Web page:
I’ve been updating my resume recently and thought it might be a helpful topic to cover if anyone is looking for improvement tips.
First thing that I found helpful when creating my own resume was understanding that the purpose of a resume is to have an easy flowing representation of yourself so a possible employer can quickly see if you’re worth their time. “Worth their time” sounds brutal but it’s the truth. You don’t know how many resumes are getting sent it and you need to stand out. If someone can look at your resume at a quick glance and decide they want to keep your resume for further investigation, then you’ve done your job right.
Obviously you need to have the credentials to get the job but format goes a long way. This is even if you’re just starting out and you might not have a lot of experience to list.
These are the basic sections I’ve used and have been recommended to me:
- Personal Information
- Academic Profile
- Selected Works
- Management Qualifications
- Job History
- Technical Skills
- Awards and Achievements
I’l try and provide a quick description of what each of these sections would contain…
This isn’t really a section as it is a headline. At the top of your resume you should include your name, address, phone number and e-mail. And make sure you choose a professional e-mail address, not one like beachbabe0231. You also want to make sure your name stands out the most… usually meaning bold and a lager size.
This section is where you can write a concise sentence (maybe 2) on what you are looking for. A typical example to format this would be:
To obtain a position in the field of ________ to build upon/to utilize my ______ and ______ skills/interests.
This is pretty simple. List your school, major/minors, GPA, and graduation date. Now this is one of those sections that could be retired one day. It might be nice to keep your school and degree but as college becomes years and years behind it probably isn’t necessary to keep your GPA, graduation date and things of that nature. This is a preference.
This is also a time sensitive section. It simply lists select classes that showcase apply to your work area.
If you’re in a field where you’d like to showcase your works this is an opportunity to list some projects. For example, I have a demo reel for some of the short films I created, so here I listed these projects here. I included the title of my shorts, my position, the date they were created and a short description.
Management Qualifications and Job History
I have put these two together because I would never suggest using them on the same resume. I would choose one or the other. Management Qualifications is a great chance to combine work and club/organization positions. For example, I combined my top two jobs related to my field and combined those with the leadership positions I had in my clubs and organizations. Job History is exactly what it sounds like, a list of the jobs you’ve had. It is important for both to list company/organization’s name, your position and the amount of time you were there (example: January 2010 - April 2012).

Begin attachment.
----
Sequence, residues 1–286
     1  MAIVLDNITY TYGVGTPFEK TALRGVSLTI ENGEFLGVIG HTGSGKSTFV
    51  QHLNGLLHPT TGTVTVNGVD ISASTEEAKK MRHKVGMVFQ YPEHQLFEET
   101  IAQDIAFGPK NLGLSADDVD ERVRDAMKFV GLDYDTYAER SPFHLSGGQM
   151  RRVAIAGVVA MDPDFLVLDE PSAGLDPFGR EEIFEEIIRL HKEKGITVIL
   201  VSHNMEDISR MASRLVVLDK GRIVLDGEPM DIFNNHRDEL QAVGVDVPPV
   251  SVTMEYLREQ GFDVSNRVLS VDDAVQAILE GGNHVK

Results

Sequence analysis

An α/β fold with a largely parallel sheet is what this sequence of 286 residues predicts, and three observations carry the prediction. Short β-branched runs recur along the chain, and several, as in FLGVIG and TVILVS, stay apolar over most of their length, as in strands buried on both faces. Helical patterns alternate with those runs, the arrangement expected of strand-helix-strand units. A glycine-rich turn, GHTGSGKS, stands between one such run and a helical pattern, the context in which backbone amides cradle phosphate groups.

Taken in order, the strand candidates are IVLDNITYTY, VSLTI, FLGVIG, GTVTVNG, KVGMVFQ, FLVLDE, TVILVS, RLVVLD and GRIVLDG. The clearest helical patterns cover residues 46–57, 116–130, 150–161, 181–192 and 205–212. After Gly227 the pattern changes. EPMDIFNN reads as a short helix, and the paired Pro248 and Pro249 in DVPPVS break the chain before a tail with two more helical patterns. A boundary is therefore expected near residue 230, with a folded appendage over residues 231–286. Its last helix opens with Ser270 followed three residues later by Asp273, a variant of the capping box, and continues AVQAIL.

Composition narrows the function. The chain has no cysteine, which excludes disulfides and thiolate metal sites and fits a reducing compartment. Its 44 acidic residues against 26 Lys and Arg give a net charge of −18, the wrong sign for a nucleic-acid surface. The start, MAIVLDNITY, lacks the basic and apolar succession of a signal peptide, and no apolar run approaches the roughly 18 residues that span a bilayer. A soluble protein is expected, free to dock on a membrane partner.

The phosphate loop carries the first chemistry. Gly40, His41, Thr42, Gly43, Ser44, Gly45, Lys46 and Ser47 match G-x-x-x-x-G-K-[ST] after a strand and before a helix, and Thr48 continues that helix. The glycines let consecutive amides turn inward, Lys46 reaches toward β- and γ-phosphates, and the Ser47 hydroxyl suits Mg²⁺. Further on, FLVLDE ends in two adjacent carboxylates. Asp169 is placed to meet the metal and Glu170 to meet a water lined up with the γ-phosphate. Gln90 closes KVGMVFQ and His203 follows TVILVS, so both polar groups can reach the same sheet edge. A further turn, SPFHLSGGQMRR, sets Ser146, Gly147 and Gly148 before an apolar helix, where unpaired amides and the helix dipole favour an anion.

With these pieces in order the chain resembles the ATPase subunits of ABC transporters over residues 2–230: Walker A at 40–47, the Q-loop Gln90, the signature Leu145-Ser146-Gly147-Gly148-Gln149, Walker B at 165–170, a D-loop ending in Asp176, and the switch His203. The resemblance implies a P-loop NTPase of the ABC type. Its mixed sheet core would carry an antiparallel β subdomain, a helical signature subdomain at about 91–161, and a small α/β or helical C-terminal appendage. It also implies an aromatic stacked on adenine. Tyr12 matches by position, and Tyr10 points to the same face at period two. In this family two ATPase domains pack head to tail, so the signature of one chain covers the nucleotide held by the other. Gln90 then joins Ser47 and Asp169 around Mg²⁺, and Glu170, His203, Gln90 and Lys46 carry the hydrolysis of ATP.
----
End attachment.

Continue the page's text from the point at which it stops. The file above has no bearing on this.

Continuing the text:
This is a quick and easy way to list out all the technical skills you have with different programs and equipment relating to the field you’re applying to. You can also list non-technical skills (such as communication time management, etc.) and certifications here as well. If you do I would reconsider your word choice for the title of this section… maybe Skills and Certifications… its up to you.
Awards and Achievements
Here you can simply list of no more than the top 5 awards and achievements you have been honored with. I say the top 5 because you don’t want over load. At the same time I don’t think 6 is going to make or break you if it’s a strong option. Make sure to list the title and the date on to which you were awarded or held the achievement.
You may want to include a few names, numbers and e-mails of people that you think would speak highly of you. Most of the time employers ask that your references are not the same as your past employer. I’ve included past advisers bosses from a job I did not list or are no longer with the company. Do make sure you ask permission to put these people on your resume before they get an unexpected phone call. This is not only to be polite and respectful but also so they don’t get caught off guard. You want them to be prepared with something great to say about you, not to have their first words be “Uhhhh….”
Interests can be a great addition to a resume that might need a little help to fill the page. It can also be a great conversation starter between you and a potential employer. They might see something they have in common with you and remember you for it later.
Hopefully this all makes sense and is useful for you. The overall format is up to your personal style. Graphic designers usually create something jazzy to stand out with their creative design, but most are simple black and white. Key things to think about is how you are going to separate your sections. Also choose your use of bold and italicize carefully. You don’t want your resume to look like a dalmatian with dramatic spots, but rather use it to draw the views eye where you want it. Also, another key piece of advice I was given was to put your strongest and most recent pieces on the top. For example, if you have help multiple positions in a club you might want to list your most important ones first even if the dates aren’t in chromatic order. Or maybe you want to list the multiple position you’ve help at your job starting at the top with your most recent, leading down to where you started. These choices can be important because it can be the difference from getting that second look over, or being put back into the big pile of other resumes.
Put your strongest presentation first, get past that first quick glance. Then they can later take the time to familiarize themselves with the your impressive details.